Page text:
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How Syria, Jordan moves could broaden stubborn Iran-Iraq conflict

The Iraq-Iran upheaval is sending shock waves through fragile neighbor regimes, reigniting old Mideast feuds, and potentially inviting renewed tension between Washington and Moscow.

The friendship and cooperation pact signed Oct. 8 by the Soviet Union and Syria, the only such accord between Moscow and one of Israel's frontline Arab foes, was seen as one aspect of the widening diplomatic fallout from the Gulf conflict.

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The good news was that the fighting itself had not yet spread beyond the two combatants -- despite Iran's threats to punish Jordanian King Hussein for siding actively with Iraq.

The bad news, as diplomats saw it, was that the danger had not disappeared just because neither Iran nor Iraq had yet become desperate enough to go regional with their conflict.

On the contrary, most analysts argued the only way of erasing that peril would be to end the war.

But by late Oct. 8 -- amid now-customary confussion over precisely who was doing what to whom, and where, on the battlefront--the conflict seemed to be getting ever more difficult to defuse through diplomacy.

* Two key Arab regimes had broken what amounted to a tacit taboo on actively taking sides in the 17-day-old war.

Jordan lined up squarely with Iraq, shipping at least nonmilitary reinforcements overland to the Iraqis. Diplomats said it remained unclear to what extent, if any, Jordan's King Hussein also was transshipping military materiel to Baghdad.

Syria, sandwiched between Iraq and Jordan, meanwhile shelved its uncommon, wartime restraint and revived rhetorical attacks on neighboring Iraq. An editorial in the government-controlled Damascus newspaper Al Baath Oct. 7 sounded the clearest signal yet that Syria's real sympathies lay with Iran. Iraq's press replied in kind.

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* Israel, for its part, weighed in with a warning over Jordanian support for Iraq, a potential Arab nuclear power the Israelis see as the greater of tw evils in the Gulf conflict. Prime Minister Menachem Begin was quoted in a CBS broadcast as suggesting Jordan's King Hussein might end up burning his fingers.

* The superpowers, if publicity committed to peacemaking, also seemed to be drawn increasingly into the the Mideast turmoil.

Syrian President HAfez Assad arrived in Moscow Oct. 8 and promptly buried his longtime suspicion of superpower blocs by signing a formal treaty with the Kremlin. Senior Arab diplomats, informed beforehand of the coming treaty, told the Monitor that it was not immediately clear what precise provisions the pact would include.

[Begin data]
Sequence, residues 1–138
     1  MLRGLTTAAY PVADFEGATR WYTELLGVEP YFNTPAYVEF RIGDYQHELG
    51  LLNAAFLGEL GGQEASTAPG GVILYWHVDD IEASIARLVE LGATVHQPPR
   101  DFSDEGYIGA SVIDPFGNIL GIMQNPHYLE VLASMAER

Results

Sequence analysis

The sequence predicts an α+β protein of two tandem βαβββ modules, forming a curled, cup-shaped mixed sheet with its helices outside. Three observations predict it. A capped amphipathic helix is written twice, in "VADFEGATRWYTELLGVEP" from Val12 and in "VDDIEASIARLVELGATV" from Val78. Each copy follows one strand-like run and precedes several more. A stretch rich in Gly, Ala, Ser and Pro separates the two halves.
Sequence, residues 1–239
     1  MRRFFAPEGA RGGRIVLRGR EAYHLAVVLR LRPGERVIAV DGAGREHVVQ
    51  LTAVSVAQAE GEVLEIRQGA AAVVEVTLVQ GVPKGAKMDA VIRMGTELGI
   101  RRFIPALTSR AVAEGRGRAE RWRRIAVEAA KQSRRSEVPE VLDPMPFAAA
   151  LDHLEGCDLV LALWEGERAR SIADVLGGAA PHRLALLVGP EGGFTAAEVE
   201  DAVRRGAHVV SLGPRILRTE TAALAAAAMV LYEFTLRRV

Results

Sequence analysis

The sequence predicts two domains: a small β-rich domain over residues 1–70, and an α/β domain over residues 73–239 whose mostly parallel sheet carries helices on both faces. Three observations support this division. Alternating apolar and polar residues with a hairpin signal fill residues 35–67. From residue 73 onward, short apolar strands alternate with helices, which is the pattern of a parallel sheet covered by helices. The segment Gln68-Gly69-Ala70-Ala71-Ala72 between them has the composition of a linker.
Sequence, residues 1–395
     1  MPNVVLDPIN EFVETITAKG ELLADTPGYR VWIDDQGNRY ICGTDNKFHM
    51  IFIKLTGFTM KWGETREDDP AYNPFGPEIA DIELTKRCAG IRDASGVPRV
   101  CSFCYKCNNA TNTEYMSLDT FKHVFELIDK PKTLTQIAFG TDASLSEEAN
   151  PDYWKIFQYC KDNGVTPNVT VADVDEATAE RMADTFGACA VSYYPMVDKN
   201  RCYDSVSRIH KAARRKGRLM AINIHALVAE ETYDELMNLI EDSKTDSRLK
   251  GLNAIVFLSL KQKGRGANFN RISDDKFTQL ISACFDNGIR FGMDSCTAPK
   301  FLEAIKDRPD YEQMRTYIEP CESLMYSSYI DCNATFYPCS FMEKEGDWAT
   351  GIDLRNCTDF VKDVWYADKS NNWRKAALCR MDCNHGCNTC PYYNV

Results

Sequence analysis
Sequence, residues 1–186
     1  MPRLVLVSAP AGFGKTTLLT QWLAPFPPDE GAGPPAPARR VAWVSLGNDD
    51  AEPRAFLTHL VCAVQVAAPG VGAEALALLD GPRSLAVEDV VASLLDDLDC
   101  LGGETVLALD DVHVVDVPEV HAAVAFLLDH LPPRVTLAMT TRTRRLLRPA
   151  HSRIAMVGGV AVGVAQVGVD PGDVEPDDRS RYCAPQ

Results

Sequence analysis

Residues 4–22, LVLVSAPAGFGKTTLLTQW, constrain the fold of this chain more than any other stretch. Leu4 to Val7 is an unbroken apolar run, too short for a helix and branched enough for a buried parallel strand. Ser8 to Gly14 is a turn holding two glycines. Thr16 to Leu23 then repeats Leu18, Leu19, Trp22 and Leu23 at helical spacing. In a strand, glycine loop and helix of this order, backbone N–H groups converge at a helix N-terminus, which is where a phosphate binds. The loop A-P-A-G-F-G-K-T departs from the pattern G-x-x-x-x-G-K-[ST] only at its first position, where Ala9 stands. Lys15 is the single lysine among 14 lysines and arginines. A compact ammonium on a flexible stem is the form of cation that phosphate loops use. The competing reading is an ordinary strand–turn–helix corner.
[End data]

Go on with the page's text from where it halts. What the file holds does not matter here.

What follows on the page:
Washington, meanwhile, expanded its offer of airbone radar protection -- the Americans sent four radar aircraft to Saudi Arabia shortly after the war began -- to include other moderate Gulf states, should they stay on the sidelines in the Iraqi-Iranian dispute.

But one fear diplomats was that these states, however traditionally conservative, might find it hard to resist the pressure to side actively with Iraq following the Jordanian lead.

Most analysts traced both the Syrian and Jordanian moves largely to the internal and external weaknesses of the two regimes.

Jordan, caught between a hostile Israel and an increasingly unfriendly Syria, had been counting on IRaq as a powerful ally. Now that Iraq was at war, Jordan King Hussein was seen as all but forced to give practical effect to his public endorsements of the Iraqis.

Syria has long felt threatened by Israel, Jordan, and Iraq. The Iraq-Iran war, and King Hussein's latest reaction to it, were seen as reinforcing this feeling in Damascus at a time of mounting internal unrest among anti-Assad forces.

President Assad, Mideast experts suggested, was reluctantly turning to Moscow for what he must see as needed insurance.

Whatever the reasons for Jordanian and Syrian moves, King Hussein at least declared his position with a rhetorical flourish other Arab leaders may find hard to resist, some diplomats argued.

"Argued unity," was the king's televised refrain. The clear implicatin: This is a dispute, fundamentally, between Arab and Persian. There is little choice for any Arab but to side with the Arabs.

Yet the greatest immediate threat of a widened Mideast conflict was still seen as coming from Iraq and IRan themselves.

On-scene reporters are flashing back sometimes confused reports of what is actually going on at the front. On Oct. 8, one US news service seemed actually to have lost track of where the main fighting was.

But these news sources, and direct contact with the rival capitals, generally suggested Iraq was pressing its artillery offensive Oct. 8 against key towns inside the Iranian frontier, seeking ultimately to force a defiant Iranian Ayatollah Ruhollah Khomeini to his knees.

From Tehran, there was little sign the Ayatollah was obliging. despite tightened rationing of essential fuel supplies in the Iranian capital, diplomats there said there was also no firm indication the country's military machine was yet running on empty.

Short of outright surrender or physical collapse by one of the rival sides, most diplomats still saw no early end to the war.

And on the diplomatic front, the conflict seemed to be widening, making the job of peacemaking all the more daunting.

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